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Journal of Nanoparticle Research

, 14:1125 | Cite as

CuO and ZnO nanoparticles: phytotoxicity, metal speciation, and induction of oxidative stress in sand-grown wheat

  • Christian O. Dimkpa
  • Joan E. McLean
  • Drew E. Latta
  • Eliana Manangón
  • David W. Britt
  • William P. Johnson
  • Maxim I. Boyanov
  • Anne J. Anderson
Research Paper

Abstract

Metal oxide nanoparticles (NPs) are reported to impact plant growth in hydroponic systems. This study describes the impact of commercial CuO (<50 nm) and ZnO (<100 nm) NPs on wheat (Triticum aestivum) grown in a solid matrix, sand. The NPs contained both metallic and non-metallic impurities to different extents. Dynamic light scattering and atomic force microscopy (AFM) assessments confirmed aggregation of the NPs to submicron sizes. AFM showed transformation of ZnO NPs from initial rhomboid shapes in water to elongated rods in the aqueous phase of the sand matrix. Solubilization of metals occurred in the sand at similar rates from CuO or ZnO NPs as their bulk equivalents. Amendment of the sand with 500 mg Cu and Zn/kg sand from the NPs significantly (p = 0.05) reduced root growth, but only CuO NPs impaired shoot growth; growth reductions were less with the bulk amendments. Dissolved Cu from CuO NPs contributed to their phytotoxicity but Zn release did not account for the changes in plant growth. Bioaccumulation of Cu, mainly as CuO and Cu(I)–sulfur complexes, and Zn as Zn-phosphate was detected in the shoots of NP-challenged plants. Total Cu and Zn levels in shoot were similar whether NP or bulk materials were used. Oxidative stress in the NP-treated plants was evidenced by increased lipid peroxidation and oxidized glutathione in roots and decreased chlorophyll content in shoots; higher peroxidase and catalase activities were present in roots. These findings correlate with the NPs causing increased production of reactive oxygen species. The accumulation of Cu and Zn from NPs into edible plants has relevance to the food chain.

Keywords

Environmental health and safety Metal bioaccumulation Metal speciation Metal oxide nanoparticles Oxidative stress Phytotoxicity Solid growth matrix Wheat 

Notes

Acknowledgments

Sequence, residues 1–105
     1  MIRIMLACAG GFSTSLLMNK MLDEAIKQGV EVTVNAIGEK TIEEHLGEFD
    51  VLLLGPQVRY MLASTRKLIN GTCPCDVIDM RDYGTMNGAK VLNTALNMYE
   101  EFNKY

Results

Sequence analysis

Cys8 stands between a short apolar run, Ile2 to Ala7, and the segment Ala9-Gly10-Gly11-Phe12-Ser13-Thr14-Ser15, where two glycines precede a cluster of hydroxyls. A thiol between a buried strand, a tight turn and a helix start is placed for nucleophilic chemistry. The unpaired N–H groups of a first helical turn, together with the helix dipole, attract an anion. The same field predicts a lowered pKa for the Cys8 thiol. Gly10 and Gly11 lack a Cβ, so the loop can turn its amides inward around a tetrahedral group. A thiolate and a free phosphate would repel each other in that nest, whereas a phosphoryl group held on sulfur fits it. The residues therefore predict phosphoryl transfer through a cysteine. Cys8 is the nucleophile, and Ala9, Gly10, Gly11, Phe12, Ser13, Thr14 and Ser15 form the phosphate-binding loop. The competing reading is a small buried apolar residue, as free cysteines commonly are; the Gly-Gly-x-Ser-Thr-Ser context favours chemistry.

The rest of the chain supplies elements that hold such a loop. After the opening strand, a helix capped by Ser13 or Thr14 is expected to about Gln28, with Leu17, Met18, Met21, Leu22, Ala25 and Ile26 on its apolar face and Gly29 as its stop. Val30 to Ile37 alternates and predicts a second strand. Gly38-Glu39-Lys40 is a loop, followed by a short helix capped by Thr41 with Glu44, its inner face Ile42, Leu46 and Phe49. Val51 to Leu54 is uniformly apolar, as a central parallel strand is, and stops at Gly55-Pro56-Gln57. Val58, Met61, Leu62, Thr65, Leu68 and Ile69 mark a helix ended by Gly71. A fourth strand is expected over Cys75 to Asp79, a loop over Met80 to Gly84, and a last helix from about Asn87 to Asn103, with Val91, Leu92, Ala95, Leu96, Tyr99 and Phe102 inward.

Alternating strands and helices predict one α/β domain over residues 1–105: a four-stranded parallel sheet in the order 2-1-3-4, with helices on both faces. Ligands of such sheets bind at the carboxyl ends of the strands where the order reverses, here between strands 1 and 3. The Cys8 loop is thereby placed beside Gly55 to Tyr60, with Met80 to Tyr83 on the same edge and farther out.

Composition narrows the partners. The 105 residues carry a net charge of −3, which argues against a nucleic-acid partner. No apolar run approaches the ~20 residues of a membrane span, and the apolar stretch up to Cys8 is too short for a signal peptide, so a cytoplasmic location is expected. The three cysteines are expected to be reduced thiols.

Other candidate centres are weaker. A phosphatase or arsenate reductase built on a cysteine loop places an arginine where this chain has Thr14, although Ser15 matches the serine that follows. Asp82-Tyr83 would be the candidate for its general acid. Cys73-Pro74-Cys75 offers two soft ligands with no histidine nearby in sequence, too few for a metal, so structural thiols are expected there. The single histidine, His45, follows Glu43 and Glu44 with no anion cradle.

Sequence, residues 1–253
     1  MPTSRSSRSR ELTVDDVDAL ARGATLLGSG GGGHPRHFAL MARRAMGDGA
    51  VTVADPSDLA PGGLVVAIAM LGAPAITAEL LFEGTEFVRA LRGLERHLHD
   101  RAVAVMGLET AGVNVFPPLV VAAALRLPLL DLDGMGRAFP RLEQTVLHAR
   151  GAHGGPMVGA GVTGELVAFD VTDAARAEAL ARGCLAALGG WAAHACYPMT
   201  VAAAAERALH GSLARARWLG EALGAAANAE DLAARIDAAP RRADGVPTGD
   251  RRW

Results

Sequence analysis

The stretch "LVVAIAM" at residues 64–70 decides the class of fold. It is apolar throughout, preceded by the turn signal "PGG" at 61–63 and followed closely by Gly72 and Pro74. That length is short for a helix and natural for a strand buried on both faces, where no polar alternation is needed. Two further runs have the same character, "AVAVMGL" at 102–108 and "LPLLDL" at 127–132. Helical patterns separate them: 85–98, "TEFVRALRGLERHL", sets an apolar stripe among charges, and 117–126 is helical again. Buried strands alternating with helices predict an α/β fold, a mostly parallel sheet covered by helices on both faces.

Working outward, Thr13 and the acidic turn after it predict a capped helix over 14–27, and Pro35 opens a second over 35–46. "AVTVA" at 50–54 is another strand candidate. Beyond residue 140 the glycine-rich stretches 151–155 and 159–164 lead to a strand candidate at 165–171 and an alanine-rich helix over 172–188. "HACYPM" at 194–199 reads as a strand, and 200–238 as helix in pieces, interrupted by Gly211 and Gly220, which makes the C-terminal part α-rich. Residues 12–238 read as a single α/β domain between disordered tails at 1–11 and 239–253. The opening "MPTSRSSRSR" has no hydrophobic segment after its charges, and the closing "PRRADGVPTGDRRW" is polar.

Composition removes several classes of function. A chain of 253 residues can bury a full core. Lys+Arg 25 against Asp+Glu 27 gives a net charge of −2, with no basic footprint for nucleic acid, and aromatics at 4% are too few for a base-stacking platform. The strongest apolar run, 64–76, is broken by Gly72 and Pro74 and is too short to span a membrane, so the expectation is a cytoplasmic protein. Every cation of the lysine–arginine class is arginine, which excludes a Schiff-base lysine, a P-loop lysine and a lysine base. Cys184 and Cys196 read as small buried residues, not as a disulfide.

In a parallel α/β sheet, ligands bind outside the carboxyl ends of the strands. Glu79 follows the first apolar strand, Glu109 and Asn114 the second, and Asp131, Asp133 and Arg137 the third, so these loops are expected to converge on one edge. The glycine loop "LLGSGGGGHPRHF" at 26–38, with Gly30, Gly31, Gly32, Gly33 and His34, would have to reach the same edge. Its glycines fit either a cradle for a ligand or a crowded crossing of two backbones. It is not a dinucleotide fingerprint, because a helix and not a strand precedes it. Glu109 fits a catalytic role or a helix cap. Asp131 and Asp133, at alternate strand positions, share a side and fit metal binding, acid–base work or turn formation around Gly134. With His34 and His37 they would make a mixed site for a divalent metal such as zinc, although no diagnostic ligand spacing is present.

This work was supported by the United States Department of Agriculture (USDA-CSREES) Grant 2009-35603-05037, the Utah Agricultural Experiment Station (Journal Paper # 8261), and the Utah Water Research Laboratory. Thanks to Moon-Juin Ngooi and Jordan Goodman for help with plant growth. For XANES data acquisition, we would like to thank John Katsoudas and Edward Lang for support at the MRCAT/EnviroCAT Sector 10BM beamline. Ken Kemner and Bhoopesh Mishra are thanked for their helpful input regarding the XAS and for help at the beamline. MRCAT operations are supported by U.S. Department of Energy (DOE) and the MRCAT member institutions. Use of the Advanced Photon Source, an Office of Science User Facility operated for the DOE Office of Science by Argonne National Laboratory, is supported by the DOE under Contract No. DE-AC02-06CH11357.

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Copyright information

© Springer Science+Business Media B.V. 2012

Authors and Affiliations

  • Christian O. Dimkpa
    • 1
    • 2
  • Joan E. McLean
    • 3
  • Drew E. Latta
    • 4
  • Eliana Manangón
    • 5
  • David W. Britt
    • 1
  • William P. Johnson
    • 5
  • Maxim I. Boyanov
    • 4
  • Anne J. Anderson
    • 1
    • 2
  1. 1.Department of Biological EngineeringUtah State UniversityLoganUSA
  2. 2.Department of BiologyUtah State UniversityLoganUSA
  3. 3.Utah Water Research LaboratoryUtah State UniversityLoganUSA
  4. 4.Biosciences DivisionArgonne National LaboratoryArgonneUSA
  5. 5.Department of Geology and GeophysicsUniversity of UtahSalt Lake CityUSA

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